On Wednesday, Ramaphosa relayed, vaguely, the news of reopening almost every remaining sector. People will now be able to walk into restaurants and sit down for meals again – you know, use the same crockery and cutlery that every other patron would have used. 

We can go to cinemas and gamble at casinos, get our hair done at salons again. We can even enjoy non-contact sports again and almost every other recreational activity you would enjoy in the pre-pandemic world. 

But, as far as GBV is concerned, just know that our President is a “shocked” and “appalled” “father of daughters” with no clear plan – at least yet – to end the scourge of GBV in this country.

As much I hope to see R500-million and five BMWs translate into real safety and security for our country’s vulnerable, I, like most South Africans, know too well how big sums of public money and valuable resources get used in this country.

I feel that women in this country are out in the wild on their own. And now, more than ever, women are stuck in a lockdown with a President whose indecisiveness does more harm than any intended help. – Sumeya Gasa

Music, an elixir to my anxious mind

Listening to music has helped me clear my mind as it feels like my brain is working on overdrive with everything happening in the world. (Photo: Chanel Retief)

West Rand, Gauteng: With the world feeling apocalyptic – there’s a war against the spread of coronavirus, a battle to find a vaccine or a cure, a war to stop racism and a fight to end violence against women and children – I was reminded this week of the power that music has to calm me. 

I have always listened to music and I suppose my taste in music can be a little strange, I don’t think I have ever had such an appreciation for music as I do now. 

Lately, the second I unlock my phone, my first action before doing anything else is to press play on a playlist.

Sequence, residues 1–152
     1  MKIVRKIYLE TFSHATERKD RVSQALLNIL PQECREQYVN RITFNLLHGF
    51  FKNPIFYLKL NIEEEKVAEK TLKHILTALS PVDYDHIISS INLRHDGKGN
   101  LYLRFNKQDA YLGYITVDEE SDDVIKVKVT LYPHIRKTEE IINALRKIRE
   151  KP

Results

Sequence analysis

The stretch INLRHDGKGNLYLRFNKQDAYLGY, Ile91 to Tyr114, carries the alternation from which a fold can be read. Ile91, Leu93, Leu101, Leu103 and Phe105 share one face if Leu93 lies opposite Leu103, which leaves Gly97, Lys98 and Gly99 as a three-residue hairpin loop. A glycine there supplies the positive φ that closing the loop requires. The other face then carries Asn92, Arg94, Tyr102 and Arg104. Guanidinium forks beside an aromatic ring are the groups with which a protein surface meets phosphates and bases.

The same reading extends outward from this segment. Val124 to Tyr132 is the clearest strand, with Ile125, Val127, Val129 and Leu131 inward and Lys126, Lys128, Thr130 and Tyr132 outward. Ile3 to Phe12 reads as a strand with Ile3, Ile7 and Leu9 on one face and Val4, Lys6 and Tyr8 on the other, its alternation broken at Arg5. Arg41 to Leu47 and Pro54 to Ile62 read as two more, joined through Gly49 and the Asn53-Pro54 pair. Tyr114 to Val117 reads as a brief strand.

I really mean anything!

Before I open any WhatsApp messages from friends, colleagues or even my boss. Before I look at my personal social media accounts as well as the accounts for work because that is my life right now, just always checking social media. Before I open emails from spokespeople or sources. Earphones or Bluetooth speaker must be connected and music must fill the air before anything else.

Depending on how I am feeling, I will either play something upbeat and dance uncontrollably. Or maybe I have a Beyoncé moment and pretend I am having my Homecoming performance at Coachella. 

It does sound silly but the world has been feeling negative lately and I don’t like how much it has inadvertently affected me and my mental space. And I have allowed it to affect me because these issues in the world do speak directly to me. I could get the virus. I am a person of colour who experiences racism (both blatantly and systematically). And I am also a woman… who fears for her life every time she walks out her door. 

So maybe it’s not the healthiest way to escape my mind, but music is the only escape I want or need right now. – Chanel Retief

Sport no longer kicked to touch

As countries around the world gingerly crawl back to normalcy from Covid-19, the one thing I am looking forward to is live sports action. (Photo: Screenshot)

Johannesburg South, Gauteng: After President Cyril Ramaphosa’s announcement of further reopening of some economic sectors, such as salons, and allowing sitting for restaurants, it seems life is slowly crawling back to “normal”.

However, we know that despite the gradual easing of the lockdown, the threat of Covid-19 is still very much there. So in the coming months, as we try to navigate our way through this new way of life, we should tread carefully. 

Personally, I am quite excited about the return of live sports on television. I’ve already tasted it through La Liga football in Spain, as well New Zealand’s Super Rugby Aotearoa, which unlike most sporting events during the times of Covid-19, allows fans into the stadium. Of course, New Zealand has this option because they’ve handled the threat of the virus admirably. 

On Wednesday, my favourite league (English Premier League) also returned. I braved the cold in the TV room to ensure I took it all in as David Luiz of Arsenal handed Manchester City the victory on a silver platter in the first match in three months. 

There is more sporting action to look forward to this weekend. And of course, in South Africa non-contact sport will soon be returning to action as well. This includes sports such as tennis, golf and cricket –  which is returning in just under two weeks, through a charity match that will be a beta test for a whole new format. – Yanga Sibembe DM